I want to host a small website on my server where friends (and friends of friends) can upload files to get a link so that other can download those files again. Exactly like a filehosting service.

No account is needed on my site and I thought that I need some kind of user agrement that saves me a little bit from files that could be illegal on my server.

Is it possible to add a "by uploading you accept our user agrement" to my site where rules are written like

  • I am not responsible for uploaded files
  • I do not scan or look at files so I don't know what is uploaded
  • etc

Would a text like that secure me for legal actions against me if someone uploads something illegal?

  • There's a long list of "basic file share" companies that have been sued and shut down despite well done ToS, you need a lawyer.
    – Ron Beyer
    Oct 11, 2021 at 16:01

1 Answer 1


Not on its own, no


A ToS can be of some value, but will not fully protect the site operator (host). For one thing, a ToS is probably not binding on the user based on a contract of adhesion such as "by using this site you agree to...". A specific act, such as clicking a checkbox that defaults to clicked or activating an "I accept the terms" button is probably required to make a ToS binding on the user.

But a host must do more that obtain an agreement to its ToS. Once it has actual knowledge of illegal content, a host must take action to remove or disable it, or else it may be liable as if it had posted the content itself.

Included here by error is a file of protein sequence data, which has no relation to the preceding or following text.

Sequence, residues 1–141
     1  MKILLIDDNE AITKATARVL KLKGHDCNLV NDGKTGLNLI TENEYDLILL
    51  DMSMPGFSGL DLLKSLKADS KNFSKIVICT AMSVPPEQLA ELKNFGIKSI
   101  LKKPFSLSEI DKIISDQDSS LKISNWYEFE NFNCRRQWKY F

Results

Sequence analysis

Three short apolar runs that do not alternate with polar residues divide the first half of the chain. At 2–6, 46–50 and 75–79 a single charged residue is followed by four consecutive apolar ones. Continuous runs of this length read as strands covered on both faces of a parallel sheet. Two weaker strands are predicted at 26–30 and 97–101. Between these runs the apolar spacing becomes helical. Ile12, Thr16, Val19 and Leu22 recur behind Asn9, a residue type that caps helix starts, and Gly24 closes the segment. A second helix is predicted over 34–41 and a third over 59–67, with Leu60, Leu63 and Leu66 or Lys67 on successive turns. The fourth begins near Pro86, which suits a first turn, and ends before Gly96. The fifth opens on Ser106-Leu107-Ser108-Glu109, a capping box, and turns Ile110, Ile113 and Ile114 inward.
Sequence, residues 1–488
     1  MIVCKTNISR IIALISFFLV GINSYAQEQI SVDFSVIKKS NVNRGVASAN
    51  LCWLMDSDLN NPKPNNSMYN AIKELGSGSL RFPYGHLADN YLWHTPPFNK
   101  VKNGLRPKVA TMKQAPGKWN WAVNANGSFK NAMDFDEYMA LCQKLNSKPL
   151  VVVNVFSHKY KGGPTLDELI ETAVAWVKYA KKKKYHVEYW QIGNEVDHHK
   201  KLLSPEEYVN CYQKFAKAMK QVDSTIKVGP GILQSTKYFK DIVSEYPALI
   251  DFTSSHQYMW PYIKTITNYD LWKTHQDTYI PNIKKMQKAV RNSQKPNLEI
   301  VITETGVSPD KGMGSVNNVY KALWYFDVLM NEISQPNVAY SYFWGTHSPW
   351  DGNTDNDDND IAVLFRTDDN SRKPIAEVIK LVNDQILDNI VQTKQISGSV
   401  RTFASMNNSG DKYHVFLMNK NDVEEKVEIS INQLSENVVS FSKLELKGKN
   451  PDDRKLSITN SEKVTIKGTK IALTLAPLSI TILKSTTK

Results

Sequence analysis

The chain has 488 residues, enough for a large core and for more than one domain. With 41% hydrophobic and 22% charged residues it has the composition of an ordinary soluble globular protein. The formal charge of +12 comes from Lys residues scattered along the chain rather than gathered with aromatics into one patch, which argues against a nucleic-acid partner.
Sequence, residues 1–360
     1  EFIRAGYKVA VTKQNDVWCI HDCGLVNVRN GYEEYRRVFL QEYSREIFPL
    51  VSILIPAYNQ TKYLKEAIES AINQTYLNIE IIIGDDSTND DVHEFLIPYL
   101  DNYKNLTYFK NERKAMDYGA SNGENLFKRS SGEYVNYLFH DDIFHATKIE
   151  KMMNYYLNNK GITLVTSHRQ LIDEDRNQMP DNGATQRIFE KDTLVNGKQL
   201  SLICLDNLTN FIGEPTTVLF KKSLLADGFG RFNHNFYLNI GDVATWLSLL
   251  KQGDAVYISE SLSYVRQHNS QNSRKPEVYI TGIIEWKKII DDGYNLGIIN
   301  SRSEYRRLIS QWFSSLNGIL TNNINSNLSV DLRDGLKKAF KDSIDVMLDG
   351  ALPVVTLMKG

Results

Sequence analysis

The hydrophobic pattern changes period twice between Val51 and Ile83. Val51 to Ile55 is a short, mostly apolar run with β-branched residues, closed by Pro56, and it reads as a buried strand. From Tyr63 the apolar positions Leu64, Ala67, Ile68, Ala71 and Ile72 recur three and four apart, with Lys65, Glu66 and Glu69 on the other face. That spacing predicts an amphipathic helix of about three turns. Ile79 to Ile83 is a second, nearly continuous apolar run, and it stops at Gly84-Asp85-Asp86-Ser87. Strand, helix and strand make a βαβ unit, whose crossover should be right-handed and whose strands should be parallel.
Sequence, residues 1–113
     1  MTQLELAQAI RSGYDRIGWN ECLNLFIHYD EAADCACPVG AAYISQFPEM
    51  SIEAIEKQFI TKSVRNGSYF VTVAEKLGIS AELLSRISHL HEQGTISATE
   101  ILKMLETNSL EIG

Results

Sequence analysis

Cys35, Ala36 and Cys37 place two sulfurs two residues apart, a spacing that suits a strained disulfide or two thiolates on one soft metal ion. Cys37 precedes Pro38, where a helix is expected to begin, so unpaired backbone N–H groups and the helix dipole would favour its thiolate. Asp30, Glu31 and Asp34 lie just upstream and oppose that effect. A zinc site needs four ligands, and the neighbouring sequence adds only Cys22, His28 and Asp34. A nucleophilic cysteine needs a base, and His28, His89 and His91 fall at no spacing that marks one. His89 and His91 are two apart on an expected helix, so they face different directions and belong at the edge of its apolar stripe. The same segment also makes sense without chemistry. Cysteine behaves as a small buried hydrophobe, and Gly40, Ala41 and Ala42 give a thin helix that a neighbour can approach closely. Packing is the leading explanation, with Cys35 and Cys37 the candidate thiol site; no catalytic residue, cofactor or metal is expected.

It also depends what kind of "something illegal" is involved. The most common form is perhaps content that allegedly infringes copyright.

Safe Harbor

In the EU Article 14 of the EU Directive on electronic commerce (Directive 2000/31/EC) will apply (note that being a directive, rather than a regulation, 2000/31/EC) depends on implementation in national law, which may vary from one country to another.

Article 14 reads:


  1. Where an information society service is provided that consists of the storage of information provided by a recipient of the service, Member States shall ensure that the service provider is not liable for the information stored at the request of a recipient of the service, on condition that:

(a) the provider does not have actual knowledge of illegal activity or information and, as regards claims for damages, is not aware of facts or circumstances from which the illegal activity or information is apparent; or

(b) the provider, upon obtaining such knowledge or awareness, acts expeditiously to remove or to disable access to the information.

  1. Paragraph 1 shall not apply when the recipient of the service is acting under the authority or the control of the provider.